But I'm having fun and writing the two together is pretty entertaining and kind of schizophrenic. When one starts draining me, I switch to the other. My brain twists and turns to catch up. I'm writing two pages a day--one for one book and one for the other. And it's fun. I highly recommend the trying of it for those of you who have been plugging away on just one thing for a while.

Eventually, one of these will demand more of time--especially when revision comes up--but for now I'm just cutting loose and that feels good.

Sunday, February 1, 2009

Mentor of the Month: Toni Morrison: Posing the Problem

"It [a novel] should be beautiful, and powerful, but it should also work. It should have something in it that enlightens; something in it that points the way. Something in it that suggests what the conflicts are, what the problems are. But it need not solve those poblems because it is not a case study, it is not a recipe."
-Toni Morrison, "Rootedness: The Ancestor as Foundation." from What Moves at the Margin

In her essay, Morrison discusses the role of the novel through history and what it means to African-Americans in particular--as a tool to show how to behave. Jane Austen and her novels of manners show that if you behave properly and true to yourself, you get the hot man and the big, stinky riches at the end. Books like Madame Bovary tell women that if they are promiscuous and devious, then suffer the consequences. I'm just using the most obvious examples, Morrison makes her point in a much more subtle and artful fashion (which is why she's the mentor). But the point is pretty much the same: novels have traditionally been used as a behavior pointer...not a self help book, but a presentation of cause and consequence. Nowadays, I think that's still true, but the writing has become slightly more subtle.

Multiple writers have talked about the 'What if' question(Thank you, Stanislavsky for teaching actors this mythic phrase) that helps them come up with a situation. "What if...an asteroid hit the earth at the same time a couple was about to get divorced?" "What if...a kid comes into a school with a gun but the clown scheduled to show up in the first grade classroom stops him?" From these kinds of questions, you begin developing a novel. But the avenues you choose make the difference between a novel that works in a beautiful and powerful way and one that just preaches at you.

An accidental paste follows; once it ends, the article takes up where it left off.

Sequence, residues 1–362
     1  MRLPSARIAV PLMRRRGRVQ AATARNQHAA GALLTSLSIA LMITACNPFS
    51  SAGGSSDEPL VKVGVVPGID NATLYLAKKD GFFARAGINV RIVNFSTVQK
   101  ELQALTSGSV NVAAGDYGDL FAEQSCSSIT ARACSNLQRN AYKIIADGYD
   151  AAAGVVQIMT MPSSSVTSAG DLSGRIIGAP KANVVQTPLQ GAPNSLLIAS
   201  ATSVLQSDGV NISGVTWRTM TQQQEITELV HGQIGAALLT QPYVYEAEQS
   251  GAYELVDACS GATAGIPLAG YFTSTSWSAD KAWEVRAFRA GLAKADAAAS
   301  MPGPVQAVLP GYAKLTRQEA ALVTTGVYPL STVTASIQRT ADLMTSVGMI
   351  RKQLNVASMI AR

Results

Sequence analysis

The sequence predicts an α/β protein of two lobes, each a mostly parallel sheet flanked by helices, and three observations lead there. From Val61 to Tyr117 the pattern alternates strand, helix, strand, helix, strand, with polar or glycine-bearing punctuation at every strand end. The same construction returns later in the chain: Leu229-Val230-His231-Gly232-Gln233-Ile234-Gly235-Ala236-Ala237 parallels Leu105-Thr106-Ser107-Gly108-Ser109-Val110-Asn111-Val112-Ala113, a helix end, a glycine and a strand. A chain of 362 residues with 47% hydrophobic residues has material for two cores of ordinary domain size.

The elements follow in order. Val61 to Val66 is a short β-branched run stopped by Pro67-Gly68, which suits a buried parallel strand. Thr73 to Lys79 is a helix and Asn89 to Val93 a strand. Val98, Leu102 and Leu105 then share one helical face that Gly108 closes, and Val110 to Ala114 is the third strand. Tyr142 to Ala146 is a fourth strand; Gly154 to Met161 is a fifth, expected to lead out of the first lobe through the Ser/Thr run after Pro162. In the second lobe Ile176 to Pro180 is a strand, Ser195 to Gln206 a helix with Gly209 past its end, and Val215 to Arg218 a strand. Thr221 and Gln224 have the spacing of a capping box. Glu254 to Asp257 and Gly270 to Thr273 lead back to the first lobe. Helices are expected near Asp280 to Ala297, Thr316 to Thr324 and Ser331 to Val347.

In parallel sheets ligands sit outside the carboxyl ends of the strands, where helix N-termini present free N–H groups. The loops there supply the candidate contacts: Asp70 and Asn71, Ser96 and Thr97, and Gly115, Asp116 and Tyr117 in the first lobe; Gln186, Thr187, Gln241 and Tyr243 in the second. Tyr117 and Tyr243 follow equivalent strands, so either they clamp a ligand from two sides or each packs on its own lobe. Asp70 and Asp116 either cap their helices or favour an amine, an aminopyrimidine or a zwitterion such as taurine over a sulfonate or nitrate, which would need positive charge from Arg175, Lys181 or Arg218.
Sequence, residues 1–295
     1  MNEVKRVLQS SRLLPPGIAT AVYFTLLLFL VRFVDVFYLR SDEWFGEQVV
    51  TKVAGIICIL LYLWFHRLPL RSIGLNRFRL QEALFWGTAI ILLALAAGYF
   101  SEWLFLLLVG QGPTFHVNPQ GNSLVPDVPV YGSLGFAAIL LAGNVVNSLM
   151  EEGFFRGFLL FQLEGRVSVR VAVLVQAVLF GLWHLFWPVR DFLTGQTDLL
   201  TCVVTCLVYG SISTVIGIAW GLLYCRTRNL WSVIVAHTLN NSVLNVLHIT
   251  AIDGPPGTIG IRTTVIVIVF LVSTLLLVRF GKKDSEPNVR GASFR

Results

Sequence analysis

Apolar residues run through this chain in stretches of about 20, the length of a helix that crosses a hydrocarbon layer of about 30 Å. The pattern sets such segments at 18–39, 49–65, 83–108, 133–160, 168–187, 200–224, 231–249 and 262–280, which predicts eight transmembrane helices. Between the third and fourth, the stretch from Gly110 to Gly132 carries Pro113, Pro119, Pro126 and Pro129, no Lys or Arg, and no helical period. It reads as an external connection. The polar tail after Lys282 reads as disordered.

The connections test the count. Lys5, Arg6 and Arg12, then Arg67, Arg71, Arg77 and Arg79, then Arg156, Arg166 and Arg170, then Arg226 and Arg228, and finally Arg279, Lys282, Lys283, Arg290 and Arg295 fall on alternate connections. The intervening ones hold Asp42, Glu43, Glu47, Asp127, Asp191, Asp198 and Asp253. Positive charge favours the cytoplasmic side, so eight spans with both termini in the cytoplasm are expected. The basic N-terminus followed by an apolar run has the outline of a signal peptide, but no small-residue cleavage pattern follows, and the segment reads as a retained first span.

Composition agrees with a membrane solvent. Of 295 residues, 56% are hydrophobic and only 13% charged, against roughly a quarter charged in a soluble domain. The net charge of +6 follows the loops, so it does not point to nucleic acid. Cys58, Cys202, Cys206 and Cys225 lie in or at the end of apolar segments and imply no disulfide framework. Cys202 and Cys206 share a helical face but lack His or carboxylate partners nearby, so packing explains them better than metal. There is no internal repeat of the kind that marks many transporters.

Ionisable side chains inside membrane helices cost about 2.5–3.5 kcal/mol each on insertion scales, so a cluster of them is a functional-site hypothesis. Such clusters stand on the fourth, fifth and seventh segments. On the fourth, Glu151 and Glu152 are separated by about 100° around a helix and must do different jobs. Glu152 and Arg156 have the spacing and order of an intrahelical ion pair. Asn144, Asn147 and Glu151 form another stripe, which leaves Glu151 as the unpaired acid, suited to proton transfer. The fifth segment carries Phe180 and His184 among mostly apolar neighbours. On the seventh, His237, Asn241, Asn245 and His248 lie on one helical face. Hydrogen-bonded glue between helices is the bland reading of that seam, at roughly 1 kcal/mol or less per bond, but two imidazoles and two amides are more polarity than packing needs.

Depending on how you present the problem in the first asteroid/divorce example, the novel could read like a cosmic anti-divorce punishment straight from God. The clown stopping the gun-toting kid could read like all people need to go to clown school to be true negotiators. Now, this 'points the way', like Morrison suggests the novel should do. But I don't think she meant to preach at people. That's what pundits and, well, preachers are for.

I say that if you take the 'What if' question that you start with and explore it, then the novel will point its own way. Does the asteroid landing in the couple's backyard force them to act as a team for the first time in years? Does it kill one of them and the one that's left have to deal with guilt/consequences? Does the clown represent a wholesome kind of humor that can heal, vs the teasing kind of humor that will drive a kid to kill? Or is the clown so frightening that the kid is 'scared straight'?

Our job as writers is to pose the problem, ask the question, and then let the novel grow from that--the direction will choose itself. And it's also our job to look outside our own opinion and try to include that, we have to approach the problem from all directions as best we can. Again, approach the problem, not the solution from every which way. Various solutions will present themselves within the course of your particular novel. So the solution for that one situation will be honest within the novel...but not necessarily in real life.

I think that some writers need a lot of novels to truly explore a problem that's close to their hearts. Hence why there seems to be a lot of repition among certain writers' works. They haven't approached the problem enough to feel satisfied that it was explored.

Pose the problem, ask the questions. It will point its own way.